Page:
2003 Meyney, St-Estèphe

SKU #1024320 93 points James Suckling

 This is pure and focused with blackberries, plums, and currants on the nose, with hints of dried spices on the nose. Full and very precise, with chewy tannins and a powerful finish, Tight and rich, with lots of fruit. Give this a rest until 2013, then pull the cork.  (3/2011)

91 points Wine Spectator

 *Smart Buys* Gorgeous aromas of blackberry, currant and spices. Full-bodied, with chewy tannins and layers of fruit. Goes on and on. Best after 2007. (JS)  (3/2006)

Jancis Robinson

 Dark crimson. Translucent and appetising and so delicate and ethereal! Quite exceptional. So lifted. Very well done, lots of fruit there. Even if not that much density. 17/20 points. Drink to 2020.  (10/2010)

Robert Parker's Wine Advocate

 Tasted blind at Farr Vintner’s Left Bank tasting. Wow. Where did this come from? The Meyney ’03 was not one of the better Saint Estephes in its youth, but it is certainly blossoming with age. It has a very bold, lifted bouquet with damson, plum, cedar and pinecone aromas. Moderate definition, perhaps showing a little over-ripeness. The palate is medium-bodied with chewy tannins, the tannins a little aggressive but there is more than enough fruit concentration to back it up. Rigid backbone on the finish with an agreeable degree of freshness. Tasted October 2010. (NM, Wine Journal)  (9/2010)

Wine Enthusiast

 Meyney is often the most gentle of the great estates of Saint-Estèphe, and in 2003 this character is most obvious. The wine is full of vitality and ripeness, soft tannins showing the property more than the hot year. The fruit dominates right through the wine, with dryness only appearing in the aftertaste. (RV)  (5/2006)

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Price: $44.99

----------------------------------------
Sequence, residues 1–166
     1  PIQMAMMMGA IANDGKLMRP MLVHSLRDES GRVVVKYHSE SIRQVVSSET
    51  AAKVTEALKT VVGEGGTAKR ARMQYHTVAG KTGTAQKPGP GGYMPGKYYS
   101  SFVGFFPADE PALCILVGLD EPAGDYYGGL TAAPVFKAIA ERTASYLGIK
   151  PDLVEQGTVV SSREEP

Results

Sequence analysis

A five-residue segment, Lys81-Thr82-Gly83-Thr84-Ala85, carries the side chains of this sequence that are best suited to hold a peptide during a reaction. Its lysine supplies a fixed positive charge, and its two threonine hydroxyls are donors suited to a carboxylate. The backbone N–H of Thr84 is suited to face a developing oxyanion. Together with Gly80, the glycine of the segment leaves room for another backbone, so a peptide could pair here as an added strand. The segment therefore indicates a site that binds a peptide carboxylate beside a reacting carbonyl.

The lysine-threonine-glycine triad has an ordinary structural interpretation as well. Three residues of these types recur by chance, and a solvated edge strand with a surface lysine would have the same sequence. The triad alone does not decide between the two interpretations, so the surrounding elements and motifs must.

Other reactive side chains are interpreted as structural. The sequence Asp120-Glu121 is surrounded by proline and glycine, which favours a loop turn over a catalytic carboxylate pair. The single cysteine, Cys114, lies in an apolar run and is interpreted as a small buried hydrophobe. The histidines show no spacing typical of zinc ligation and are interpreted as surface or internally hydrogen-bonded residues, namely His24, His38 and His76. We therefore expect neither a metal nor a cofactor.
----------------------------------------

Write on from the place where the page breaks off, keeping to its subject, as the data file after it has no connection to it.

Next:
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Cabernet Sauvignon and Blends

- Cabernet Sauvignon has come a long way from its role as a blending varietal, however dominant, in the wines of Bordeaux. Today it is the most planted red varietal in the world. Identified as a descendent of Cabernet Franc and Sauvignon Blanc, the late-ripening Cabernet Sauvignon needs to be planted in warmer climates to fully ripen. Its small berries can easily be identified for their distinctive blue color, thick skins and high tannins. And while the varietal has its own definitive characteristics: green pepper-like aromas and black currant flavors among them, it is perhaps most prized for its ability to convey terroir, vintage and winemaking. A relatively new varietal, Cabernet Sauvignon started making inroads into the wines of the Médoc and Graves in the late-18th century. Today it is also dominant in the up-and-coming Entre-Deux-Mers region of Bordeaux and can also be found in Southwest France. It is the companion varietal to Sangiovese in Italy's Super Tuscans and is planted all over Europe, stretching to lesser-known winegrowing regions like Russia and Lebanon. In the Americas Cabernet Sauvignon has found champions in every nook and cranny of California and among winemakers in Washington, where it complements plantings of Merlot. In South America, Cab thrives in Chile, but can also be found in smaller amounts in Argentina and even in Mexico.


- When it comes to wine, France stands alone. No other country can beat it in terms of quality and diversity. And while many of its Region, Bordeaux, Burgundy and Champagne most obviously, produce wine as rare, as sought-after and nearly as expensive as gold, there are just as many obscurities and values to be had from little known appellations throughout the country. To learn everything there is to know about French wine would take a lifetime. To understand and appreciate French wine, one only has to begin tasting them.


Specific Appellation:

Saint Estephe

- The northern-most of the Medoc communes, St. Estephe is quickly becoming one of the favorite areas for both high quality and great value Bordeaux reds. While it has fewer classified growths than the other communes, it also boasts some of the hottest up and coming chateaux of the last several. The most famous chateaux are the second growths Montrose and Cos d'Estournel with Calon Segur (3rd growth), Lafon Rochet (4th growth), and Cos Labory (5th growth) rounding out the cru classe wines. Cabernet Sauvignon dominates the area, but plantings of Merlot are on the rise resulting in rounder, fatter, flashier wines than in years past.